Gold demand in Q3 2012 increased by a notable 10% compared to Q2, but dipped in comparison to Q3 2011. Furthermore, investment options like gold coins and bars or bullion also witnessed a decline of 16% as compared to Q3 2011.
The trend which stood out in Q3 when it came to investments was that of gold ETFs, all while the demand for gold jewellery and its use for technology saw a downward trend, that is 2% and 6% respectively, in the same time frame.
The gold supply in 2012 waned, with a yield of 1188.3 tons. Despite this, a majority of individual buyers continued buying the metal as an investment even though investment demand was lower than in Q3 2011. The diminishing demand for gold bullions and coins was reflected in the 30% decline as compared to the previous year. However, it is to be noted that demand for these instruments had touched exceedingly high levels in 2011 relative to the preceding five years.
The best performing gold market in Q3 2012 was India, which witnessed a 7% and 12% increase in gold jewellery and investment demand respectively. The Indian market alone accounted for about 30% of the total consumer demand for the yellow metal in 2011, due to the festive season and positive outlook on the economy and gold prices.
The converse, however, was apparent in China. China’s gold market took a beating due to a relatively negative outlook on economy and slower growth at present, represented by a 12% decline in demand for gold coins and bars (on a year on year basis). That said, this pattern is believed to be just temporary, and the Chinese gold demand and supply statistics are expected to improve in the long term.
Last but not least, central banks, which have increased their purchases of gold reserves in the past few years, accounted for approximately 9% of the total gold demand in the Q3 2012 phase.
The precious metals market is a highly dynamic one, with most of its activity being spurred by gold prices. The price of the yellow metal is propelled by demand and supply, but there are several other factors that influence its day-to-day value. These include its viability as a long-term investment, which makes it a global currency in the truest sense of the word.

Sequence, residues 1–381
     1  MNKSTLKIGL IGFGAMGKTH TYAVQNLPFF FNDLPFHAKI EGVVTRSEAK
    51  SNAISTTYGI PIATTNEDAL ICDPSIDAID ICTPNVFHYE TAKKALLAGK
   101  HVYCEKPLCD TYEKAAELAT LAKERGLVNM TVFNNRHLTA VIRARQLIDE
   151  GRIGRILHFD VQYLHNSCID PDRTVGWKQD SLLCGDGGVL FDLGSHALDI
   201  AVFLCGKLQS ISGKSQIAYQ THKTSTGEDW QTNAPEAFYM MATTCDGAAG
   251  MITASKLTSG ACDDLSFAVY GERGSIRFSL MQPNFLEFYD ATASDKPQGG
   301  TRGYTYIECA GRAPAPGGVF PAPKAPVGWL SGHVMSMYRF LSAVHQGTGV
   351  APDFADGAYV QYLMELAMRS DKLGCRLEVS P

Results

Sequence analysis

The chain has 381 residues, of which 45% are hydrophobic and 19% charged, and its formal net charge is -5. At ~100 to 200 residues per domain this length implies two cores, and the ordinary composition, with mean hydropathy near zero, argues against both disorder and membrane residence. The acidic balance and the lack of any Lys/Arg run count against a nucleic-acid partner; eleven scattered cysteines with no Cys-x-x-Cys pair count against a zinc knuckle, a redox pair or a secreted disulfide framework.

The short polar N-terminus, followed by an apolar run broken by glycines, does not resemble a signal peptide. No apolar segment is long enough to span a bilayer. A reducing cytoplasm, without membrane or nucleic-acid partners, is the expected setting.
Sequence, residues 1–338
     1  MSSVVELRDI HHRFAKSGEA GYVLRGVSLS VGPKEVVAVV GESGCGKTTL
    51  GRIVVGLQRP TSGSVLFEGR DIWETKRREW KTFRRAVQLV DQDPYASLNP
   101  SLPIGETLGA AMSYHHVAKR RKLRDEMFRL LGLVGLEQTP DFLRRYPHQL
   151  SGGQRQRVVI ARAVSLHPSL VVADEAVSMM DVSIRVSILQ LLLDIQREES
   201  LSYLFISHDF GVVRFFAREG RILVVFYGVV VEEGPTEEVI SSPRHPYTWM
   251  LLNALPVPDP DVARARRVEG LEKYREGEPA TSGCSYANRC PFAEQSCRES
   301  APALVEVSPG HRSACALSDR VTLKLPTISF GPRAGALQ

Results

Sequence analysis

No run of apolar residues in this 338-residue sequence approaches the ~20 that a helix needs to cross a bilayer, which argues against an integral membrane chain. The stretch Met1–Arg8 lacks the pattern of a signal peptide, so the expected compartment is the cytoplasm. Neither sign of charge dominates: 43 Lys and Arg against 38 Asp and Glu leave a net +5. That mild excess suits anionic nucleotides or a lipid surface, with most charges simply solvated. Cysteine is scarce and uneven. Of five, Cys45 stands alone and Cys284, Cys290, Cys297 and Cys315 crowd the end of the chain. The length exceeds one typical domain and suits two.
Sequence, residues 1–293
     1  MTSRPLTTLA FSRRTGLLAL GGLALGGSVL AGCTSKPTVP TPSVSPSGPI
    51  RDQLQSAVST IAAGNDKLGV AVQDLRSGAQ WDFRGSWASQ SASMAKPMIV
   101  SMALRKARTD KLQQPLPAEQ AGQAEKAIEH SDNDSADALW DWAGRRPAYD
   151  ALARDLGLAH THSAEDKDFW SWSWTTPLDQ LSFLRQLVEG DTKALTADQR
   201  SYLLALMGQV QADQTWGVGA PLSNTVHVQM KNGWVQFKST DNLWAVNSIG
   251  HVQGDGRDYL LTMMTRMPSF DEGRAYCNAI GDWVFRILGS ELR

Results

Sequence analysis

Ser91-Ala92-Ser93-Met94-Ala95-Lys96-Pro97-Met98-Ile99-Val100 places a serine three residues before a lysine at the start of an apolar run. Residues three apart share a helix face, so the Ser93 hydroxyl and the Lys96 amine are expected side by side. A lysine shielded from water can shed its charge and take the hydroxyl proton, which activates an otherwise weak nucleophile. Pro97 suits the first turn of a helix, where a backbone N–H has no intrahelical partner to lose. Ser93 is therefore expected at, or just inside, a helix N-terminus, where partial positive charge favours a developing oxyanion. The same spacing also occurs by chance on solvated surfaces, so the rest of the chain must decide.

Gold prices have skyrocketed over the decades in comparison to other national currencies. What drives this momentum, and why?
Gold and global currencies
The gold market is largely influenced by the trade of both physical and ‘contract’ gold, as well as the value of the U.S. dollar. The need to buy gold in any form is inversely proportional to the might of the American dollar: the stronger the U.S. dollar, the lower the price of gold, and vice versa.
However, any change in the buying and selling patterns of gold is owing to currency fluctuation worldwide and is not just limited to the U.S. dollar.
Gold and central reserves
Central reserves the world over hold the highest concentration of gold bullion. As a result, gold prices are also highly dependent on the policies of, and the reserves in such institutions. If a central bank sells off a certain percent of its gold reserve, the price of the metal may fall. On the opposite side of the coin, however, its value may increase if banks fail to provide adequate investment returns to customers.
Global crises of a political or economic nature also have a significant impact on gold prices. National currencies can take a hit during times of uncertainty, and this is when the demand for gold rises since it is then viewed as a ‘safe investment’.
The above mentioned points present a very brief overview on what drives global gold prices. The standard accepted benchmark for determining the value of the metal is the London Gold Market Fixing, which comprises of five firms that buy and sell gold bullion. These firms are:
- Barclays Capital
- Deutsche Bank
- Societe Generale